Her second novel, The Thorn Birds, published in 1977, is remembered fondly for the TV adaptation that also starred Christopher Plummer. The author herself did not like the TV series (she used to refer to it as “instant vomit”) saying once: “Nah. I didn’t think that the director had any idea of what he was doing. The um, screen writer was a Baptist female from the mid-west, and I didn’t like Chamberlain in the role anyway.”
Category Archives: R.I.P.
Pioneer. Spectacle. Legend.
The worst thing you could do was underestimate him. Beneath that bland façade was a sharp mind and an even sharper wit. His wit was so cutting and subtle, it usually went by people and hit them moments later: “Wait. What did he say?”
Unfortunately, the one thing he didn’t have was a sense of humor about himself:
Rest in peace.
This tweet knocked all of the air out of me:
Television was something that was just there. As a kid, we were never told it was something made by people. It was like magic.
I devoured thousands and thousands of hours of it. And this was when there were only three broadcast networks (NYC also had three independent and one educational station).
To stand out in those countless hours of programs, you really had to do something extra-extra-extra special to make a kid curious enough to learn someone’s name in the credits.
The first name associated with TV I ever learned was that of Gerry Anderson.
The second was Brian Clemens.
She’s one of those names you think you’ve seen everywhere. Oddly, looking at her filmography at IMDB, there’s only two movies I saw her in: Way, Way Out and If It’s Tuesday, This Must Be Belgium.
What have you done? Thousands of years of building and rebuilding, creating and recreating so you can let it crumble to dust. A million years of sensitive men dying for their dreams… FOR WHAT? So you can swim and dance and play.
— The Time Machine
Really, they don’t make them like him anymore. He was swell. Rest in peace.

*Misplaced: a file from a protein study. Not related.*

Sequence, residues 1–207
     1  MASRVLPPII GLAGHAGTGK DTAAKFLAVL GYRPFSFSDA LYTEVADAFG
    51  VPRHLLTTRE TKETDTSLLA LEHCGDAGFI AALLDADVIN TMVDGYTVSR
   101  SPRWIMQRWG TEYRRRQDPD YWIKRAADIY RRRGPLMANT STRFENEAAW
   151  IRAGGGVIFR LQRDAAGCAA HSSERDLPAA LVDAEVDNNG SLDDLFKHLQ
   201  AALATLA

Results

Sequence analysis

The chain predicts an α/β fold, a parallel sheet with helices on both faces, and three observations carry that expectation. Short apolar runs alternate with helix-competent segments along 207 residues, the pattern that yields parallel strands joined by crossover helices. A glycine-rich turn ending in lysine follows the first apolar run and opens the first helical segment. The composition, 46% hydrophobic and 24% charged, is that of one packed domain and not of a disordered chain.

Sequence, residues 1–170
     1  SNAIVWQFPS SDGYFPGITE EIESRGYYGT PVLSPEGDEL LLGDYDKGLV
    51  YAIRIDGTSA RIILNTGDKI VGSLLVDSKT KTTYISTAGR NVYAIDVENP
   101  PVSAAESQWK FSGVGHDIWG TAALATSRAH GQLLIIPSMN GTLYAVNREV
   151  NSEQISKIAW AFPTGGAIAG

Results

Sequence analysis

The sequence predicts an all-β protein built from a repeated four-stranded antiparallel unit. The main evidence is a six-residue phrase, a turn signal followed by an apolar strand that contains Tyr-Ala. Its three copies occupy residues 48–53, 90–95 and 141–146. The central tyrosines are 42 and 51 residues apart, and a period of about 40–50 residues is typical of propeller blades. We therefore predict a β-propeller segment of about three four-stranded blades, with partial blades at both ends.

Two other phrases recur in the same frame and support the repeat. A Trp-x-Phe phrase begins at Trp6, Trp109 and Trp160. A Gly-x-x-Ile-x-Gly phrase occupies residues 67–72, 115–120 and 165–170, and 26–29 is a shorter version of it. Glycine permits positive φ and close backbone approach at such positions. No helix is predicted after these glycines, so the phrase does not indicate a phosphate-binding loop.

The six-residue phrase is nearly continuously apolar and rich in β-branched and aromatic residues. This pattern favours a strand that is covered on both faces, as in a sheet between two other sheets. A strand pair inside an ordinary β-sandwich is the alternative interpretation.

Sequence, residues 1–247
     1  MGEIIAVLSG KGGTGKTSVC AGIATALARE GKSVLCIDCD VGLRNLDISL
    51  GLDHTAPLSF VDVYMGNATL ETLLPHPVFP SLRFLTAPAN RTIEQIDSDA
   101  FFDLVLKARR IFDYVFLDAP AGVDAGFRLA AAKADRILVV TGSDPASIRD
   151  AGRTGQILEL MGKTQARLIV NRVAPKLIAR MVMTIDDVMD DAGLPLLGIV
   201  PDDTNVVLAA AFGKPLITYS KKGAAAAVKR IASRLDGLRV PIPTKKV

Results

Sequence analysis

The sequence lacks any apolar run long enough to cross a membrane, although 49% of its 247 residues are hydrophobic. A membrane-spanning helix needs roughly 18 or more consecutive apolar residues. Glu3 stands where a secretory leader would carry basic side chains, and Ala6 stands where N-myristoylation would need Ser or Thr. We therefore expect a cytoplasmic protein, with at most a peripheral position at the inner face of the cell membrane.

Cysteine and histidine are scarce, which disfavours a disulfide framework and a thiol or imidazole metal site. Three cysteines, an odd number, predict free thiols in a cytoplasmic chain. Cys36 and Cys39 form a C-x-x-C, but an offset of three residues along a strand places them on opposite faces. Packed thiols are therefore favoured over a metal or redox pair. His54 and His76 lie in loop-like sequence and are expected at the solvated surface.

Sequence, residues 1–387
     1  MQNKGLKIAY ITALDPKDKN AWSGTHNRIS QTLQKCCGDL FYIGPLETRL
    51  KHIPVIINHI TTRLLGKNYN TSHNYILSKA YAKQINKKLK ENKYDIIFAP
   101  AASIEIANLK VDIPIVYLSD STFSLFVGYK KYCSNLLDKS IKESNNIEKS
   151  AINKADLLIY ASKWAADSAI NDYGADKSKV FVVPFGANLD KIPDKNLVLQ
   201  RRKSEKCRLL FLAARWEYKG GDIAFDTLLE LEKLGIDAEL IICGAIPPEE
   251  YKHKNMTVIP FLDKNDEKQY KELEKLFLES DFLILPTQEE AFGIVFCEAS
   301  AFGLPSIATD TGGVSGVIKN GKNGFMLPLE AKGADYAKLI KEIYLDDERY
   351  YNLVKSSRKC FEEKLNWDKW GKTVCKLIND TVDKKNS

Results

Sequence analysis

Ms. Myerson’s tenure as consumer affairs chief under Mayor Lindsay lasted five years, beginning in 1969. Some Lindsay critics initially called her appointment “window dressing.” But she became highly visible in the job, issuing the first city regulation in the nation requiring retailers to post unit prices on a wide variety of products to make comparison shopping easier.
She pushed through consumer-protection laws against deceptive trade practices, chastised restaurants selling hamburgers that were less than 100 percent beef — she called them “shamburgers”— and criticized manufacturers for putting too many peanuts in jars labeled “mixed nuts.”
There was once a time when those in public office gave a damn for regular people. She was one of them.
Rest in peace.
Fiftysomething women who were little girls in the early 1960s will probably remember Sara and Hoppity (1962-63), a 50-episode television series about a little girl and her mischievous doll with one leg shorter than the other. Men of a similar vintage will recall Space Patrol (1963, Planet Patrol in America), a 39-episode science fiction series incorporating elements of Gerry Anderson’s Supermarionation techniques. It sold around the world, achieving the highest ratings of any children’s show up to that time, and even featured on the cover of Variety magazine.
Planet Patrol, as it was called in the U.S., was — still is — a trip.
When I saw it as a kid, I thought it was a Gerry Anderson production and was disappointed by the poor design. Seeing it as an adult, I marvel at how much more adult the stories were and how they tried to adhere to actual science. And the music itself, not at all like the orchestral Barry Gray, was arguably ahead of its time and had to have been influenced by Delia Derbyshire (who orchestrated the original theme for Doctor Who).
She was basically the “mother” of Gerry Anderson. He produced for TV her puppet shows well before he did his own. He’d probably argue that working for her “typecast” him. But it launched him on his legendary career and led him to create immortal TV series.
After the break, the first episode of Planet Patrol.
Jeremy Lloyd, co-creator of BBC comedies ‘Allo ‘Allo! and Are You Being Served?, has died aged 84.
Lloyd died in hospital after being admitted for pneumonia, his agent said.
He worked with fellow comedy writer David Croft on the popular comedy series set in a department store, which ran from 1972-85.
I loved Are You Being Served?. Britcoms are the best. They still derive their humor from the situation and not by having the characters fling cruel and too-often disgusting insults at one another.
You made millions laugh without feeling dirty. Rest in peace.